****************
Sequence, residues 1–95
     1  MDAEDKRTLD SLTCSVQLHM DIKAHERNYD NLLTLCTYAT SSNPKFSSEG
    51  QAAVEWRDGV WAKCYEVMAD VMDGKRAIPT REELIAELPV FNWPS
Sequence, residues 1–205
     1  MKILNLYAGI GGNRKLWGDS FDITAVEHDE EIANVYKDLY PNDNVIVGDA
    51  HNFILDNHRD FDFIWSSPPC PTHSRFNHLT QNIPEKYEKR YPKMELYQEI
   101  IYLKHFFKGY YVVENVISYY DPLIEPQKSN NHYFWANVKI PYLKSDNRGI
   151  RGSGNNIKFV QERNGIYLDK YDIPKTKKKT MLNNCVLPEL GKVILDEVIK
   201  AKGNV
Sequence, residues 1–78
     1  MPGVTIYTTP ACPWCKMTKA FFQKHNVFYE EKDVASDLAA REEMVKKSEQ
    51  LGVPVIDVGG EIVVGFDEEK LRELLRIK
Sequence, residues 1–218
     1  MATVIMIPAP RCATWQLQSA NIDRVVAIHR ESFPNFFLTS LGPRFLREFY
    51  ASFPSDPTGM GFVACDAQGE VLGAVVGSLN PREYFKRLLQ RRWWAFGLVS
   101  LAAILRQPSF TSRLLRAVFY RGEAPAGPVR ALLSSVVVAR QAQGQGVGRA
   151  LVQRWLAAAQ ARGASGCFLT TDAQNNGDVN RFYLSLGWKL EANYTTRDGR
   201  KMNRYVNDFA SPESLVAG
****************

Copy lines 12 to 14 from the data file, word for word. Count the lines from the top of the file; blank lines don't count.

    51  LGVPVIDVGG EIVVGFDEEK LRELLRIK
Sequence, residues 1–218
     1  MATVIMIPAP RCATWQLQSA NIDRVVAIHR ESFPNFFLTS LGPRFLREFY